Why I Left Free Downloads and Decided to Pay

I’ll admit it, growing up I have downloaded music, movies, and TV shows that I didn’t pay for (if the government is charge me for this..I’d like to say “please..go fry bigger fish”). We all know it, Morpheus, Limewire, PirateBay and MegaUpload are but a few ways to get this free entertainment. After I started working, I didn’t have as much free time so I didn’t download as much anymore. Occasionally I would want to watch a movie and I’d download it. Nonetheless, I felt more and more guilty. Then John Oliver showed up to explain my guilt:

In case you haven’t seen it or you don’t want to watch this British man lecture Americans, here is the gist:

[A] big part of the blame for [journalism industry’s] dire straits is on us and our unwillingness to pay for the work journalists produce. We’ve just grown accustomed to getting our news for free and the longer we get something for free the less willing we are to pay for it…

Because of this, I now pay $195.00 every 364 days for New York Times. This comes out to about $0.54 per day (so…two quarters)

But this isn’t just about journalism, this is about music, and movies and all that we hold dear but get for little to no price. A musician I follow on YouTube is Kina Grannis. After going through several labels, she has taken her label to her fans through Patreon (more on this in a bit.)

A colleague of mine and I were discussing movies. He said he will not go to the theaters to watch a movie because that money will only go to the big studios. However, my argument to him was “do you really think the studios will take less money?” The fact is, the studios would take the same amount and just simply rise the price of showing movies. Since each time a movie is shown, the theaters have to pay the studio for distribution which will mostly reflect on tickets or at the concession stands. As a result, pirating hurts fellow movie goers a whole lot more than the studios.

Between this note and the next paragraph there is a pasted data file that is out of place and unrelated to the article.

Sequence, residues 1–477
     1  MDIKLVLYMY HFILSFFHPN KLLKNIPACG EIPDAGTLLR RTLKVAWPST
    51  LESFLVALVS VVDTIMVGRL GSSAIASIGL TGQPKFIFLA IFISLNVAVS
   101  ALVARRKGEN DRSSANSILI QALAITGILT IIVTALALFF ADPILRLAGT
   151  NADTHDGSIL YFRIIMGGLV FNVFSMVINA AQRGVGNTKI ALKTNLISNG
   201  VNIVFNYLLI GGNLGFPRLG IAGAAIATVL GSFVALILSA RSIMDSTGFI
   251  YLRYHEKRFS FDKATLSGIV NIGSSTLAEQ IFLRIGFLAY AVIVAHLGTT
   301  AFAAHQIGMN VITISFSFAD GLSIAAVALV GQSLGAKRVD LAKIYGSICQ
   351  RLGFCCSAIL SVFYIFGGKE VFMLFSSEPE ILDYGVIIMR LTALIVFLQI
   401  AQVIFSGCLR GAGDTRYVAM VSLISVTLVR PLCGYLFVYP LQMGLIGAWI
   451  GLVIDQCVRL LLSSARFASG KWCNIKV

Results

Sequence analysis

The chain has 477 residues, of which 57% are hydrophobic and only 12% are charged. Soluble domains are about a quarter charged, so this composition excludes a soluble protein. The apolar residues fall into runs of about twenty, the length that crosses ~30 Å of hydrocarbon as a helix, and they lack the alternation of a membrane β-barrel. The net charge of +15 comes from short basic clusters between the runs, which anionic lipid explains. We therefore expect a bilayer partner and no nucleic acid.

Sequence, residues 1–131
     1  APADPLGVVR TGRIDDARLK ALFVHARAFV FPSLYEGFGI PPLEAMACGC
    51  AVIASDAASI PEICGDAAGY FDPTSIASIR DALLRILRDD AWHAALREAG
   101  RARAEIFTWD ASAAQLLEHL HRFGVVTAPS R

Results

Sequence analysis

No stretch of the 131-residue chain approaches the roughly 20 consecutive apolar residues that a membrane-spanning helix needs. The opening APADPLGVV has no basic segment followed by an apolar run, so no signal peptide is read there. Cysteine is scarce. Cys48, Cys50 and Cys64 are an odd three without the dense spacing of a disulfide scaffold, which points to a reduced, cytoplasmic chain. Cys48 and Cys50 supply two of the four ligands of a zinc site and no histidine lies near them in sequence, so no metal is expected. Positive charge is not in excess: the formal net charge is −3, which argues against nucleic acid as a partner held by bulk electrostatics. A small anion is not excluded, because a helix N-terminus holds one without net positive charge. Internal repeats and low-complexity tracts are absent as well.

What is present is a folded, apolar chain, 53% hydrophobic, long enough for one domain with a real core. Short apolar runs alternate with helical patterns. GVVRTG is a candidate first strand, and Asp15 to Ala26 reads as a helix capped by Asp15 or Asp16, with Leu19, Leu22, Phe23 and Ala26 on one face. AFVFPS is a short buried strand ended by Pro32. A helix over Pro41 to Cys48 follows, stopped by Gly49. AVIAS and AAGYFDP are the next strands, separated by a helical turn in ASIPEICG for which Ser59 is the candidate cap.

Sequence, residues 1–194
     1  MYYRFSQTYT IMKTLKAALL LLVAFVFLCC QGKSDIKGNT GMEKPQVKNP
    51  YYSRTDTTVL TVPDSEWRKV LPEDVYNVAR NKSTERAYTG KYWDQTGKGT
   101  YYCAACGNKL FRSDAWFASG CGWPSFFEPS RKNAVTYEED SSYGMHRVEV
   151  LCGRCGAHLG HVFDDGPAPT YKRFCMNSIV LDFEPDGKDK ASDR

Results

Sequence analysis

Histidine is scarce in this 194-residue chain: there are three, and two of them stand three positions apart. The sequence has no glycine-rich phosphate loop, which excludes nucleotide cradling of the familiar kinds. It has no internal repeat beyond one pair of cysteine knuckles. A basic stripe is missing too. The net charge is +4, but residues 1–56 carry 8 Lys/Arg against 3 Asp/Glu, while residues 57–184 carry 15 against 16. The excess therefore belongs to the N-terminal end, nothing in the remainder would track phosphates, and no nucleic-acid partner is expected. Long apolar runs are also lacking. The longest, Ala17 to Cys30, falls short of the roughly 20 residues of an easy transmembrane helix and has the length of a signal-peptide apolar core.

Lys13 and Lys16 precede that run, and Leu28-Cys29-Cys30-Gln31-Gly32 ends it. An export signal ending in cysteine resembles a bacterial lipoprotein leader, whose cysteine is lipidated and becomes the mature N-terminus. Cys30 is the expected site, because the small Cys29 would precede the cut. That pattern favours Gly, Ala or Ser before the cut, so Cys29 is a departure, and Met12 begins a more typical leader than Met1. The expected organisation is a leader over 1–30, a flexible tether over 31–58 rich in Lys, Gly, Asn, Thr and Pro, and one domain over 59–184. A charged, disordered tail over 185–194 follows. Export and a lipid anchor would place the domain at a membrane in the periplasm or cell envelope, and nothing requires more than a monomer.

Because of all this, I have gone fully legit.

I pay $9.99 monthly for Google Music. Along with it, I get YouTube Red (no ads)

I use my friend’s Netflix (until about 3 weeks ago when it expired. Anyone want to offer up their account to be shared by me?)

I use my friend’s HBO Go

I use my friend’s Hulu (I really have no idea who’s account I’m using)

But I can get it for free!

I usually tell people this stuff and they commend me for my ideals but say they just want stuff for free. To this, I say “To each their own.” While I do hope people can pay for content, it is also up to the industry to find ways to attract users to pay. Take YouTube content for example. One ways for YouTube celebrities to gain an income is through YouTube’s pay to the creator for the ad sales, but more and more, creators are going onto Patreon.

Patreon — Turning an old business model cool again

Patreon is a service that allows people to be patrons. Patrons will be able to pledge a certain amount of money in which will be paid to the creator either per month or per piece of work published. My first impressions was that it was a crowd-source platform much like Kickstart and Indiegogo, but instead of a lump-sum for the money to come in in small amounts. While many youth are not willing to shell out $10 for music streaming service, they may be inclined to pay $1 per month to a YouTube creator that they watch regularly. In additional to supporting their artists, they are also eligible to get content early or have special deals. I’ve found Patreon a genius idea because they have now repackage the old idea of “subscription” into “patronage.”

Medium — Content based payment

Now that I’m coming onto Medium, I saw that they are struggling to find a business model without compromising their core idea. The newest idea for Medium is to provide membership which will allow users to get high-quality content. This is similar to the styles of YouTube Red and even original series from streaming services (Netflix and Amazon.) I am going to enroll in the Medium membership right after I publish this and we’ll see how this goes.